415 F2d 1175 United States v. Buckner

415 F.2d 1175

UNITED STATES of America, Plaintiff-Appellee,
Henry Carvan BUCKNER, Defendant-Appellant.

Crim. A. No. 67-CR-158.

United States Court of Appeals Tenth Circuit.

Sept. 23, 1969.

Michael A. Williams, Denver, Colo., for defendant-appellant.

Milton C. Branch, Asst. U.S. Atty. and Lawrence M. Henry, U.S. Atty., for plaintiff-appellee.

Before HILL, TUTTLE* and HOLLOWAY, Circuit Judges.

TUTTLE, Circuit Judge:

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Appellant Buckner was indicted for failure to submit to induction into the Armed Forces in violation of 50 U.S.C.App. 462(a). He was tried in the United States District Court for the District of Colorado, convicted of the charge, found to be a youth offender within the terms of 18 U.S.C. 5005 et seq. and placed on probation for three years conditioned upon his entering the Armed Forces of the United States and serving honorably for a period of two years. Appellant is here before this Court on appeal contending that his Local Board abused its discretion in failing to reopen his case pursuant to an order of the State Selective Service and that his Local Board abused its discretion in failing to find specifically a change in Appellant's status resulting from circumstances over which he had no control. We find that both of these contentions are without merit.


Appellant registered with his Local Board No. 2 in Denver, Colorado as required by law on March 5, 1965. He received a I-A classification on April 21, 1965. On April 1, 1966, he received a Dependency Questionnaire and returned it to his Local Board. To supplement this questionnaire, his Local Board requested an investigation of Appellant's family by the Denver Welfare Department. The requested report was received and based on Appellant's entire file, he was given a six month III-A classification which expired November 15, 1966.


Appellant was reclassified I-A January 25, 1967, because his Local Board had not received any additional information to justify an extension of his III-A classification. The Clerk for the Local Board testified that she mailed appellant a Current Information Questionnaire November 16, 1966 but it was never returned. Appellant testified that he never received either the questionnaire or the notification of his new I-A classification. He stated that he first became aware of his I-A classification when he received his Order to Report for Induction on April 3, 1967.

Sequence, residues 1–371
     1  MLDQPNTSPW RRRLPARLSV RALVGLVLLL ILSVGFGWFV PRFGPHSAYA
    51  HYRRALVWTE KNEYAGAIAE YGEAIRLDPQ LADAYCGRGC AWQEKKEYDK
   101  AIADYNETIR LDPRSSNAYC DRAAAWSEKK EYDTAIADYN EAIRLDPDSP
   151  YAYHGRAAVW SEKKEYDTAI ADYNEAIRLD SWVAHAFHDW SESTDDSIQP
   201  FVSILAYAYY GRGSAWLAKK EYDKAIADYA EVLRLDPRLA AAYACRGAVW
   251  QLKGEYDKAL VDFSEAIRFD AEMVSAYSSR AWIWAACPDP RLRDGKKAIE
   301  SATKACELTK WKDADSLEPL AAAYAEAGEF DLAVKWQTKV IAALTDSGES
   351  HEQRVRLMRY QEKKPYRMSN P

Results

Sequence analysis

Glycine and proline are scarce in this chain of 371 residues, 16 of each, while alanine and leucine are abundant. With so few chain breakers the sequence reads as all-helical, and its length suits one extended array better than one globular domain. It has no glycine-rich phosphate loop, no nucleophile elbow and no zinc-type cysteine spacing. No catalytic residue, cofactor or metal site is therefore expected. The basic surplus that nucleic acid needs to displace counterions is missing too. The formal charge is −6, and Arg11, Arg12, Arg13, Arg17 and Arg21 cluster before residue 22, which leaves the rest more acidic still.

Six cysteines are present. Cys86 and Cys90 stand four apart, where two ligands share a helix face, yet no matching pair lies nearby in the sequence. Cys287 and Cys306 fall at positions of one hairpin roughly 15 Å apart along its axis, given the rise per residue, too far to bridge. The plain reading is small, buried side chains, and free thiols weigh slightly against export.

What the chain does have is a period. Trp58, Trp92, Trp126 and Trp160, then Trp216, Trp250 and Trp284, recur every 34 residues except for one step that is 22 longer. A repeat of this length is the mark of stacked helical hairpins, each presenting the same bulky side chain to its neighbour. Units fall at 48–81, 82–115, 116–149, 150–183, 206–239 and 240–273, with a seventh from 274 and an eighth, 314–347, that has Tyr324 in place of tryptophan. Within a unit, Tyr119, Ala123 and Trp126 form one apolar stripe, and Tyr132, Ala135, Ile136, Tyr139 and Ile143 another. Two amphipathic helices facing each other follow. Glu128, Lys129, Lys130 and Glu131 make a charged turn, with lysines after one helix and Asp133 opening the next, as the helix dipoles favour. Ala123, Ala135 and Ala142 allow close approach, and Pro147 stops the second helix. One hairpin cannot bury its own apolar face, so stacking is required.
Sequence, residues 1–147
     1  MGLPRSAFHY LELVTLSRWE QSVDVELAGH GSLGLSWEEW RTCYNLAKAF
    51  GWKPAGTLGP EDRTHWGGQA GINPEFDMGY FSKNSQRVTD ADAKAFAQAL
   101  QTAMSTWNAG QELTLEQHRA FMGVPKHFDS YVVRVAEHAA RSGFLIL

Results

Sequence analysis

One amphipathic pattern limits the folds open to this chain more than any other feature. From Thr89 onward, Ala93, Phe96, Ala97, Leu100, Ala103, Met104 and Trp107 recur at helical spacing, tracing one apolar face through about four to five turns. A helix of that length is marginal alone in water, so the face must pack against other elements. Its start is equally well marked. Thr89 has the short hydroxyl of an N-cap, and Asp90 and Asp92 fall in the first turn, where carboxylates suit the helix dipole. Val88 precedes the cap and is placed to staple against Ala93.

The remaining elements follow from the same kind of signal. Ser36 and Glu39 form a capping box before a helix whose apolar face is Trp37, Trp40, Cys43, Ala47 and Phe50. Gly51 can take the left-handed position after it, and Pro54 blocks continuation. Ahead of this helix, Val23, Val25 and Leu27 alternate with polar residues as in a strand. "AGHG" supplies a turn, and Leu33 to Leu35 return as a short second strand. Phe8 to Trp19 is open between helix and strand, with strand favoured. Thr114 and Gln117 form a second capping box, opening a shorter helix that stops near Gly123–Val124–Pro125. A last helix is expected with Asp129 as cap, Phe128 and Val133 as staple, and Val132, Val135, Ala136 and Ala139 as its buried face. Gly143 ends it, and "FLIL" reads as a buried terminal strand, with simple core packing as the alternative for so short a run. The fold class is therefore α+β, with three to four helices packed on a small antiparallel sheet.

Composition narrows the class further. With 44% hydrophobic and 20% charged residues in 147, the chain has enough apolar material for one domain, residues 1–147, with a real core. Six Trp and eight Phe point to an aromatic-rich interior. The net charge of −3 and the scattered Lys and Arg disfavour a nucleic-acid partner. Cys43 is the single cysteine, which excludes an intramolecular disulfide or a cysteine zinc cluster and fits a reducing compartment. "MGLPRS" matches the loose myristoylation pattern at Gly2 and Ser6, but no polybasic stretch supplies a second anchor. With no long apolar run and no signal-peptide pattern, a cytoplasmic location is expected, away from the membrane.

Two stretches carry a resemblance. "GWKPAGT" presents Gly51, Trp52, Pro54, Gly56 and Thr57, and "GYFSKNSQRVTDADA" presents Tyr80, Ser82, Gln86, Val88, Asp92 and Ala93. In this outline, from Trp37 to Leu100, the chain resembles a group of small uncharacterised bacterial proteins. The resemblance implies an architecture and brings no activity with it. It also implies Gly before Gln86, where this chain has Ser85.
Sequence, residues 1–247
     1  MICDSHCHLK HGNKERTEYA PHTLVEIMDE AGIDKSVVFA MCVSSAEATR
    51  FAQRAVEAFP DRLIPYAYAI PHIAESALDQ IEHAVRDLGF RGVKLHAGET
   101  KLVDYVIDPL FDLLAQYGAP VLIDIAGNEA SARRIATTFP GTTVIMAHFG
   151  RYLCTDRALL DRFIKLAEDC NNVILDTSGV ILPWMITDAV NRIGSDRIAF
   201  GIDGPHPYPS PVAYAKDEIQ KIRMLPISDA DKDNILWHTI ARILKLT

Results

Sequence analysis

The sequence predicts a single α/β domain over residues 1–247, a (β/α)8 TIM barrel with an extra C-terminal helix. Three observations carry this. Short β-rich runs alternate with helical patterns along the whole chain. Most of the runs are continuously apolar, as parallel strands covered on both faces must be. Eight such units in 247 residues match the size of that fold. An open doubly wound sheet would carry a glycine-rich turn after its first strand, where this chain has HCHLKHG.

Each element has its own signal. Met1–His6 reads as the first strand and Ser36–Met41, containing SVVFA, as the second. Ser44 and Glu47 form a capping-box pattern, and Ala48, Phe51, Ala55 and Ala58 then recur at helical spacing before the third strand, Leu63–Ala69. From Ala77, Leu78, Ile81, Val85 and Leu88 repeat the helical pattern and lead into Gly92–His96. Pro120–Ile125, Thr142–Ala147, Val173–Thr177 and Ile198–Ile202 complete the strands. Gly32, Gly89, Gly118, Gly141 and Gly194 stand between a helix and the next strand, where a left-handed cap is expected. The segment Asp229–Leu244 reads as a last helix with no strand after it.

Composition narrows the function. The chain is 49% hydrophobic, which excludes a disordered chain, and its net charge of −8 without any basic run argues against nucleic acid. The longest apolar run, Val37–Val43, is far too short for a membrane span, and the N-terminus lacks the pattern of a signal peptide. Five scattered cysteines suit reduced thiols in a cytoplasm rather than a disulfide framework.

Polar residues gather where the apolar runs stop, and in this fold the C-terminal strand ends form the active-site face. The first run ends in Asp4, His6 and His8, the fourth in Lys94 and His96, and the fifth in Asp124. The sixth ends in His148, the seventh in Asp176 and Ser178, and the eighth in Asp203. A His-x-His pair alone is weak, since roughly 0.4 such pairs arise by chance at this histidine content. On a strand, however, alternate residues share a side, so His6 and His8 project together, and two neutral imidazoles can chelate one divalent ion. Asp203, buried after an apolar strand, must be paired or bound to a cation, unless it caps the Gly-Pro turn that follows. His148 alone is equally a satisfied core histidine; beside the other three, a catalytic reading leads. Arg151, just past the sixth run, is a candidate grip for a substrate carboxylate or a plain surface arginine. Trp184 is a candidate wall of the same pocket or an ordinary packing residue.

Upon receipt of the induction notice on March 16, 1967, appellant got in touch with the Office of the Clerk of the Local Board and obtained a Dependency Questionnaire. This completed questionnaire and a letter received by appellant's mother that foreclosure proceeding would begin soon against her house if no payment was received was sent to the State Selective Service by the Clerk of the Local Board. This was done because the State Selective Service was the proper authority for postponing the induction. This first request for postponement was denied. However, a personal second request by appellant to the State Selective Service was granted to give appellant 'the benefit of the doubt.'


The State Selective Service sent a letter to the Local Board postponing the induction for 30 days. This letter which is the basis of appellant's first contention stated in part:


If the Local Board considers the new evidence to be sufficient to justify a different classification or reclassification, it shall open and classify anew and in such case advise the registrant that the induction is cancelled.


This letter is clearly nothing more than a request by the State Selective Service to reclassify appellant if, and only if, the Local Board considered the new evidence to justify it. The Local Board maintained its normal discretion to determine whether the new evidence justified not only reclassification but also the reopening. The Local Board did not feel that the 'new' evidence justified reopening and sent appellant a new order for induction. It is this order to which the appellant did not submit.